But what does this mean exactly? To be sure the figure/ground relationship between man and nature has changed fundamentally, perhaps irrevocably, as Bill McKibben pointed out in his prescient book, way back in 1989. A single species, ours, is now the greatest driving force behind species biodiversity, climate change and even geomorphology, via the amount of the earth’s crust we move and the structures we build, activities that geologists calculate now use up more energy annually than is expended by the natural growth of mountains and the deposition of sediments. Yet there are also signs that species are responding to us by evolving at an unprecedented rate. The New Scientist describes a type of ‘fast-track’ evolution, in which significant morphological traits of animals can evolve in mere decades to help them adapt to changing environmental conditions, provided there is enough genetic diversity in the original population to allow the expression of ‘back-up’ genes. Several of Darwin’s iconic Galapagos finches are already changing their beak sizes as they literally evolve into new species as the conditions of their Galapagos habitat are altered by changing climate and by the selective pressure of being fed leftover rice by the throngs of eco-tourists who have come to see them. The article also cites the now classic case of ‘industrial melanization’ in peppered moths, which rapidly evolved darker pigmentation in response to the contamination of the English Midlands by coal soot during the Industrial Revolution. Blackness too confers a survival advantage to organisms, especially birds, living in the ‘zone of alienation’ around the Chernobyl reactor site. It turns out that darker pigmentation frees up a molecule called glutathione (GSH), an antioxidant which protects tissues from radiation damage. So darker birds succeed, while their lighter cousins don’t, which has already skewed the way birds in the area look in the past twenty-five years since the explosion. Amazingly, a conspicuously black, radiotrophic fungus now thrives in one of the most radioactive places in the whole disaster area – the inside surfaces of the concrete sarcophagus that was hastily constructed to contain the radiation spewing from the stricken reactor as they continued to melt down.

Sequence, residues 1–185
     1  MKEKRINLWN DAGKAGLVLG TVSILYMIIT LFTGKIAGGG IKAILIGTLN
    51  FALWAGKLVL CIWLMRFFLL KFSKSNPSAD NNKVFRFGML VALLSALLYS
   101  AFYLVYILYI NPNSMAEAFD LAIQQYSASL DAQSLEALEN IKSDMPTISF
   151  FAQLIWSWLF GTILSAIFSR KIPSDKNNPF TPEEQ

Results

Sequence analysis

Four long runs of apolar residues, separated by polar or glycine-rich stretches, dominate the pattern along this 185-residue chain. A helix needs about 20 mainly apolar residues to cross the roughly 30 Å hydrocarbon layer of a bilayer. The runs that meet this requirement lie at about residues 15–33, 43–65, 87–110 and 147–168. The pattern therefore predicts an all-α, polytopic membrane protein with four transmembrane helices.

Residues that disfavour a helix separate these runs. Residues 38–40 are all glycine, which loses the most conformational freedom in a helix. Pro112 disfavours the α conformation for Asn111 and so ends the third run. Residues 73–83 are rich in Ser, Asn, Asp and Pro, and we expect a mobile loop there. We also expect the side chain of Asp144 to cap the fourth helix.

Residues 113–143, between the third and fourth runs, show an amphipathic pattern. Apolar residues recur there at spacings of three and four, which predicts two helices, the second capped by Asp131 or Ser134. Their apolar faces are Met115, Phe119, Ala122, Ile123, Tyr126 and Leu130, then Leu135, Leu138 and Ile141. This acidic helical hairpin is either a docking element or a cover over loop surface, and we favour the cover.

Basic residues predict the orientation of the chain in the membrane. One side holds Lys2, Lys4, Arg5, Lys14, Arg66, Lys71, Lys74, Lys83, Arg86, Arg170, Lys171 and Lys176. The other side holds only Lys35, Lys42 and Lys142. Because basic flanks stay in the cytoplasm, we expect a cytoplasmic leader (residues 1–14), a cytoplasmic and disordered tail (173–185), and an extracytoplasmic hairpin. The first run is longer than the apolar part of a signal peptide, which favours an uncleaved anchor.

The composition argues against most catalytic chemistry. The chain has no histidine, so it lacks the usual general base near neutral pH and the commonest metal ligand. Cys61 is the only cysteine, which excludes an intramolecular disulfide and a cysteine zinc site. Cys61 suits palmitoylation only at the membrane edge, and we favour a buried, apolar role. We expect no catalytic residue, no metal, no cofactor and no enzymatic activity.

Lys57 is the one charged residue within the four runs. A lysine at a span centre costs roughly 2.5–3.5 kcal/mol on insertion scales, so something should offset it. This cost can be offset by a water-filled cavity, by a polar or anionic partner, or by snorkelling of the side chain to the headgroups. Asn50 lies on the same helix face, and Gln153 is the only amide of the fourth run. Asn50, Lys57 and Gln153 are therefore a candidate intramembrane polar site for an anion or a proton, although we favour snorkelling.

As well as appearance, animal behavior is rapidly changing as the evolutionary pressure to adapt to the ubiquitous humans presence steadily mounts. These ‘cultural’ shifts are cropping up all over the place as in the case I wrote about previously concerning the extirpation and subsequent recolonization of wolves on Cortes Island, BC (where I live part time.) What is amazing about this situation was not that the wolves came back; they weren’t after all extinct on the nearby mainland; but that they adapted their behavior in response to the denser human settlement they encountered on their return. They now unabashedly lope through populated areas even during daylight hours to feast on a bounty of domestic animals, yard-fattened deer and household trash. Though normally a shy, secretive species, wolves on Cortes are now pushing the envelope in their interactions with the people, maintaining very little distance between themselves and us, their primary predator, and acting nonchalant. I’ve encountered them several times now and I have to say it is quite something to be given the once-over by one of these iconic predators, as is saunters nonchalantly down the same dirt road I frequent on my morning jog. The wolves’ adaptive strategy is clearly working on Cortes as the numbers of wolves remain more or less stable, despite occasional shootings by locals and Provincial Conservation officers, who get called in to cull overly habituated ‘problem’ animals. On the whole, the benefits of associating with humans must outweigh the risks them. The population of their main prey items, raccoons and black-tailed deer, explode in the disturbed, edge habitats humans create such as residential gardens and former clear-cuts that come up in lush alder groves after the conifers get logged out. Though not nearly as successful in our presence as their smaller cousin, the coyote, it’s only natural, I suppose, that some wolves; which are after all a highly intelligent species; have learned to live in our midst. Yet it is an open question as to whether this has a genetic basis. They sure are acting differently though. During the past week, I have heard two reliable reports of wolves, individually and in packs, chasing cars along the roads of Cortes. Clearly their behavior hasn’t stopped evolving yet.